What are Unenumerated Rights?
In the United States and other Common Law countries, our written Constitutions attempt to outline the basic rights conferred to citizens. Other rights are inferred from this document. These inferred rights are unenumerated rights, including things like the right to marital privacy, the right to travel, and the right to send offspring to private school. Citizens may also claim unenumerated rights protected by state constitutions.
Other terms that describe unenumerated rights are “natural rights,” “implied rights,” and “fundamental rights.”
Foundations of the Country
There was a dispute among the Founding Fathers of the country about the powers of the government that they were creating. They disagreed on ways to make Americans as free as possible from laws and restrictions, unlike those who live under monarchs (such as King George III which the Americans fought against in the Revolution). A group called the Anti-Federalists didn’t want individual rights set forth in a Bill of Rights because, as their leader James Madison said, it might by inference create a situation where the federal government retained rights that were not spelled out. Therefore the framers of the Constitution compromised by adding a Ninth Amendment that specifically addresses unenumerated rights.
The role of the U.S. Supreme Court is to interpret whether laws imposed by the state and federal governments infringe on Constitutional rights.
Bill of Rights
The first eight amendments to the U.S. Constitution describe the government’s approach to rights, including rights to vote, to representation in the government, the right to bear arms, and more. Judicial precedent, particularly U.S. Supreme Court decisions, are often where unenumerated rights are teased out, then built upon by future decisions.
The Ninth Amendment protects citizens against state or federal laws that would abridge their freedoms and liberties. Supreme Court justices call upon the amendment when deciding case law. But that doesn’t mean everyone agrees what the Ninth Amendment means. There is still considerable discussion among legal scholars as to the extent and derivation of unenumerated rights. In the midst of Supreme Court cases, legal scholars may weigh in with “friend of the court” briefs describing their interpretations of the laws in question, ultimately helping the justices to form their opinions.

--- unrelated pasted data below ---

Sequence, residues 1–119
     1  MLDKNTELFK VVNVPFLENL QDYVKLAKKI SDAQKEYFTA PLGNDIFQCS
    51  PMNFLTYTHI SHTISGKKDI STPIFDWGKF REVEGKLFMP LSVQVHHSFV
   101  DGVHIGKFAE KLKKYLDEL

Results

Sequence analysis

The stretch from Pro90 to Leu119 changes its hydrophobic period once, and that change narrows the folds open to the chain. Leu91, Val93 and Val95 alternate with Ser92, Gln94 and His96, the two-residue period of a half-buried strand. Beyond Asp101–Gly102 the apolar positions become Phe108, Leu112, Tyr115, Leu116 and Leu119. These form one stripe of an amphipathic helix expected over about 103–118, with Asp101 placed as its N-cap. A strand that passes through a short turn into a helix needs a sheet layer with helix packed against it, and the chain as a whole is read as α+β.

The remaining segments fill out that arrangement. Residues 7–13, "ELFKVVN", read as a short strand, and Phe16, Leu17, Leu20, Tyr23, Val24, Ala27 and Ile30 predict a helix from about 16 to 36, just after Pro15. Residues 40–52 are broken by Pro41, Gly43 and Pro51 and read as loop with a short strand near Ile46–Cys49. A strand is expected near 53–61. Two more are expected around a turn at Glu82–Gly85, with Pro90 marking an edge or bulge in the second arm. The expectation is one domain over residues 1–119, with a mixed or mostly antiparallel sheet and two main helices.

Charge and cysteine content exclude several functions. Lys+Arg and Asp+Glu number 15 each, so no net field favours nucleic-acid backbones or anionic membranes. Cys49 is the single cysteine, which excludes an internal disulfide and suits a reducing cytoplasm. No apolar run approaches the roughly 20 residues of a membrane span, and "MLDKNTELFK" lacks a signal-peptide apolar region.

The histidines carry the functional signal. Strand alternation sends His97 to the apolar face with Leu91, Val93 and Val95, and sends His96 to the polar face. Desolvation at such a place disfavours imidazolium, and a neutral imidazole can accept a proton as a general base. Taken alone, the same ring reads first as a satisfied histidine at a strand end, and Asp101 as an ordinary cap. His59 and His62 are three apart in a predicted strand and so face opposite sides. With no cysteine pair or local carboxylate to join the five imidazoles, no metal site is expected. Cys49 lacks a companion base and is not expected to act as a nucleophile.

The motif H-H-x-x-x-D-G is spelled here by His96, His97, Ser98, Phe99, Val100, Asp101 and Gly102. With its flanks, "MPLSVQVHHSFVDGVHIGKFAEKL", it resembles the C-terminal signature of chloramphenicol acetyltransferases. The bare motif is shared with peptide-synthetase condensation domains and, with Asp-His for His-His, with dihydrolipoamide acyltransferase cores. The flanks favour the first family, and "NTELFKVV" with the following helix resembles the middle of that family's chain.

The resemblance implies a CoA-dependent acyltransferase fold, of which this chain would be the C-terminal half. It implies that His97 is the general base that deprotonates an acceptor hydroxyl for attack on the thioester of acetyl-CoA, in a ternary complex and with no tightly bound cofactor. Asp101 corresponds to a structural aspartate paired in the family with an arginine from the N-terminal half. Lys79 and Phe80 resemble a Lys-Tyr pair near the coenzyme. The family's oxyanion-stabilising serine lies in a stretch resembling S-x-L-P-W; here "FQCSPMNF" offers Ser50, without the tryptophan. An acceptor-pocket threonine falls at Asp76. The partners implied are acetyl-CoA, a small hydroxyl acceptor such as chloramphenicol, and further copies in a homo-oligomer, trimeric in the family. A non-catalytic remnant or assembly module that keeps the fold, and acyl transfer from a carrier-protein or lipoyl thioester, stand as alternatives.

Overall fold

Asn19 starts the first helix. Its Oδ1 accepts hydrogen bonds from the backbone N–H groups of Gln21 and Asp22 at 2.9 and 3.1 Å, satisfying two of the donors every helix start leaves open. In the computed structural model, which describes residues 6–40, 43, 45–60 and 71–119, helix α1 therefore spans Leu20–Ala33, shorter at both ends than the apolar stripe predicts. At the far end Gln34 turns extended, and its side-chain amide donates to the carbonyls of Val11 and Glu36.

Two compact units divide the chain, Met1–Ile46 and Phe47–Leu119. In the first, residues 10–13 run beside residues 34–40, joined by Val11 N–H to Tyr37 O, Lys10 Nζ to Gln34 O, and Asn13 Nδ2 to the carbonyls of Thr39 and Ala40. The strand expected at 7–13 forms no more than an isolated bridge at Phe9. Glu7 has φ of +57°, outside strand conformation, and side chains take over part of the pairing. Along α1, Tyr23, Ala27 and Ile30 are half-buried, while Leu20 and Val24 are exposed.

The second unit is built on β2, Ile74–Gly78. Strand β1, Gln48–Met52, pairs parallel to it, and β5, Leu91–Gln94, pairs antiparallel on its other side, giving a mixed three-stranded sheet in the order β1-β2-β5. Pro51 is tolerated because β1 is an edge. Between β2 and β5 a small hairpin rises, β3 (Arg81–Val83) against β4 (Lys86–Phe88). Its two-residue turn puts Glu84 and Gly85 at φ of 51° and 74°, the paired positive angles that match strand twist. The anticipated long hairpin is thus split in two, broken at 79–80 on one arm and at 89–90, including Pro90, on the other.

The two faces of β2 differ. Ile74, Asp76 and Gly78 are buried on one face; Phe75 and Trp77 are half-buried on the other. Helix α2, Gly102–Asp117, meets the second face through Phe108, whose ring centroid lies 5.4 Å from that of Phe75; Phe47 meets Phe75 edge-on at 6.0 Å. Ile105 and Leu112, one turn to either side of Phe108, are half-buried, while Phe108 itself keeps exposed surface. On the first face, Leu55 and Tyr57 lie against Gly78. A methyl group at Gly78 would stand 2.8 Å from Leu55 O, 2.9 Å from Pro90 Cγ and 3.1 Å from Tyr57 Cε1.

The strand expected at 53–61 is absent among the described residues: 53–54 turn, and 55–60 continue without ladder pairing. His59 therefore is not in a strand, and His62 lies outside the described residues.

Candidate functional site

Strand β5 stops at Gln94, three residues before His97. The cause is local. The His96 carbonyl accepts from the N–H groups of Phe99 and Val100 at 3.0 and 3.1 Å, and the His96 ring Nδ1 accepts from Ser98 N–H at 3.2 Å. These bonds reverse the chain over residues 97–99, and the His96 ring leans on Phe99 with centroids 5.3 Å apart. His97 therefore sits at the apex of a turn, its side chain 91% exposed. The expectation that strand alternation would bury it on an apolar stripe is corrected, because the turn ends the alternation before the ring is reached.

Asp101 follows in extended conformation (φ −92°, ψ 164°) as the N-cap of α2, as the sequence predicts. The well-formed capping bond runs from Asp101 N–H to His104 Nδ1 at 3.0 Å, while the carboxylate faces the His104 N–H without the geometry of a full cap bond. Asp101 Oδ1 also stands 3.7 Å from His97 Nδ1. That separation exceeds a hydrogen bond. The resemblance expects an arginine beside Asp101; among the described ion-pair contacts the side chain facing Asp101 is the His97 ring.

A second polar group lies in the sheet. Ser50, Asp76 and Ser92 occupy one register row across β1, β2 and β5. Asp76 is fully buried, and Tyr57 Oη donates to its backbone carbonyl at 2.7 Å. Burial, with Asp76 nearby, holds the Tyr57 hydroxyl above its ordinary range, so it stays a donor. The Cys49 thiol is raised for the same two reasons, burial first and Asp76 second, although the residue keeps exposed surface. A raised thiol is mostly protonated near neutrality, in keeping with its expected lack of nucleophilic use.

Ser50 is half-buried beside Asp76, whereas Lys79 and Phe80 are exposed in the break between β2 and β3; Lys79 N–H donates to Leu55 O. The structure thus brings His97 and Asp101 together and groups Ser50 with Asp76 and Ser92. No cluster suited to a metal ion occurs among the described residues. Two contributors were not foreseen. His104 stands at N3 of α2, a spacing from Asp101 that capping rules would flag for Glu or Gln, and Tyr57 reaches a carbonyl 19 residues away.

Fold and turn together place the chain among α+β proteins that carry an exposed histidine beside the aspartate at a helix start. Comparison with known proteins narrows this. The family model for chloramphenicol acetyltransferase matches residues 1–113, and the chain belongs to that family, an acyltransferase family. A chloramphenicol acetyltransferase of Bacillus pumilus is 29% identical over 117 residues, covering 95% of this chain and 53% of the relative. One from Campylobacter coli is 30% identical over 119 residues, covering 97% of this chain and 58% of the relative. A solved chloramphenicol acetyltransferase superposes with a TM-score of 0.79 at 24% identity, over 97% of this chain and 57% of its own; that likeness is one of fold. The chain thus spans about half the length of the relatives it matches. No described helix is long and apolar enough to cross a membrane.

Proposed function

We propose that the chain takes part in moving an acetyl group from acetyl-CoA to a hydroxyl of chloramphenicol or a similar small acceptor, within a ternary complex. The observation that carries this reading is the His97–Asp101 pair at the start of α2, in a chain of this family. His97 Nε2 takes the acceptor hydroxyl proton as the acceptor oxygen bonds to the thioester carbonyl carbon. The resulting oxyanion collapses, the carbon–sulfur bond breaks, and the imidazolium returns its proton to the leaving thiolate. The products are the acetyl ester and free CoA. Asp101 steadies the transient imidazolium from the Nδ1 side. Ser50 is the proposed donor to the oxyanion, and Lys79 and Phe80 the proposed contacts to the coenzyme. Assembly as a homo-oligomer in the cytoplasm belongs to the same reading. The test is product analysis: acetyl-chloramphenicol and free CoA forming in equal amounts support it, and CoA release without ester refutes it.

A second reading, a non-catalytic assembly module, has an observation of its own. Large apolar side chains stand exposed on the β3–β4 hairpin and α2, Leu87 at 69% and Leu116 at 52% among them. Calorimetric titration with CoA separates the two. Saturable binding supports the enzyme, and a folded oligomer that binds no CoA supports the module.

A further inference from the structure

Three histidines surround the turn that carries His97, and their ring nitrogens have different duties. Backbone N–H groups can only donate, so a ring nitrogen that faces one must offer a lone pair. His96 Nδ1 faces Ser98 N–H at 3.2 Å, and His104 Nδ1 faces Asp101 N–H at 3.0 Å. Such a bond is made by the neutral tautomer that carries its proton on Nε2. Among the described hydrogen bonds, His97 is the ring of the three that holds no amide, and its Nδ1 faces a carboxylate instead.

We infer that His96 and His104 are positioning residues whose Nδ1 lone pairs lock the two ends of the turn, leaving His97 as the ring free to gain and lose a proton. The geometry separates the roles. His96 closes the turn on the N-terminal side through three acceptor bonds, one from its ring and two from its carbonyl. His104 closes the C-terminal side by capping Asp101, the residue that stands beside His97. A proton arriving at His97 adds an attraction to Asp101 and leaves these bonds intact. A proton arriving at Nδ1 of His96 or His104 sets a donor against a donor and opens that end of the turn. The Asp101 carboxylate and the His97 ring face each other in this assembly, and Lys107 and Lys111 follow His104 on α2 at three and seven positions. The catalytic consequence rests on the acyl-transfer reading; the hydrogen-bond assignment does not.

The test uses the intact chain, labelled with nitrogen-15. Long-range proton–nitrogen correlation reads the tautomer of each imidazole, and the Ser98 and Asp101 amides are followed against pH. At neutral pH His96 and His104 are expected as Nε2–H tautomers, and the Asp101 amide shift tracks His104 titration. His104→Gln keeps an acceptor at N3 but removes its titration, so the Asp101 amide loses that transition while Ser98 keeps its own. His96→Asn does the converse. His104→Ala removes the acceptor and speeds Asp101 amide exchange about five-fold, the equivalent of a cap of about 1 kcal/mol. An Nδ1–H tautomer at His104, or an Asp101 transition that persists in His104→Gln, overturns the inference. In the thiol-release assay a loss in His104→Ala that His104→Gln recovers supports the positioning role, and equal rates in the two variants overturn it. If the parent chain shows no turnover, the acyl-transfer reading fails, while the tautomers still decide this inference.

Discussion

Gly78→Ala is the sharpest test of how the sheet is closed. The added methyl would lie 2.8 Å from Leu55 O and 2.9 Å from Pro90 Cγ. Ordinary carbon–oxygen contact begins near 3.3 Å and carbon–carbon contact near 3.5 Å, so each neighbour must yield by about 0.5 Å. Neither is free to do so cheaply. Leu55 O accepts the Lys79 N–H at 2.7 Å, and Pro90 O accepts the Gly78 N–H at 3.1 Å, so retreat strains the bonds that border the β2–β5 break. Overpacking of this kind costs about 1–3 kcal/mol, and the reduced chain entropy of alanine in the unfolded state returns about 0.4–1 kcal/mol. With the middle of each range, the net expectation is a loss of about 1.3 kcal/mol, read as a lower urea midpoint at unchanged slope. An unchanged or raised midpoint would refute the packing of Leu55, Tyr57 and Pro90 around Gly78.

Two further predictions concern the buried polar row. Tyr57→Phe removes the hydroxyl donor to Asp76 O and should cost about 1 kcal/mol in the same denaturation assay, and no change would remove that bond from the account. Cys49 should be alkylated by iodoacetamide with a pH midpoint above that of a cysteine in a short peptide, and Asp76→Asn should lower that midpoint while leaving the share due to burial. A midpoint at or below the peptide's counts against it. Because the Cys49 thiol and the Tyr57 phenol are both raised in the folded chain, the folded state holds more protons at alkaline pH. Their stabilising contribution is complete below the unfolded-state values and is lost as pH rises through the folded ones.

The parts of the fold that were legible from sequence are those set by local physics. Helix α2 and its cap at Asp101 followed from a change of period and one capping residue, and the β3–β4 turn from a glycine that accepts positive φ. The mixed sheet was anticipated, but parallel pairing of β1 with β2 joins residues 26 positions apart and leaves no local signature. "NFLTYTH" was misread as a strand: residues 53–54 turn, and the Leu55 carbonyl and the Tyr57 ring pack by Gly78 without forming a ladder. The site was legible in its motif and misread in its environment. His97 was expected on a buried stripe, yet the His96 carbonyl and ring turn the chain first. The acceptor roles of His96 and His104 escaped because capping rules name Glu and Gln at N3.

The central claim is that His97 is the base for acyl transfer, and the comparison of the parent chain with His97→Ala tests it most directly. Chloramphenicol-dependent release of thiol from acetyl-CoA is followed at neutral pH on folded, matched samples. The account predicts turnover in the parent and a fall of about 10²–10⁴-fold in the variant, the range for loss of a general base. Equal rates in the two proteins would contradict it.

Some legal scholars say that the Ninth Amendment was not often debated until the landmark 1965 U.S. Supreme Court case, Griswold v. Connecticut. While this case was specifically about an individual’s right to contraception, the Supreme Court examined Connecticut’s law as an abridgement of individual rights, particularly privacy. Many caution that the Ninth Amendment should not be interpreted as conferring rights but rather as instructions on how to apply the Constitution.
Rights Derived from Case Law
The First Amendment of the U.S. Constitution protects citizens from state-established religion (freedom of religion), from state established media (freedom of the press), and freedom of speech. Among the unenumerated rights extrapolated from this amendment are:
- the right to read, as tested by a number of U.S. Supreme Court cases challenging banned books, including Rosenberg v. Board of Education of New York City (1949) which sought to exclude Dickens novels that depicted Jewish characters negatively;
- the right to dissent, as described by the Supreme Court case West Virginia State Board of Education v. Barnette (1943) that allowed children practicing the Jehovah’s Witness faith to decline saluting the American flag at school, as well as Texas v. Johnson (1989) that allowed burning the American flag as a protected aspect of political speech;
- the right to access, decided by the Waite court in 1883, held that private establishments open to the public could discriminate against patrons, striking down portions of the Civil Rights Act of 1875. This decision was similar to the 2017 decision Masterpiece Cake Shop v. Colorado Civil Rights Commission, which held that a baker could refuse to make a cake for a same-sex wedding due to his religious objections to such marriages.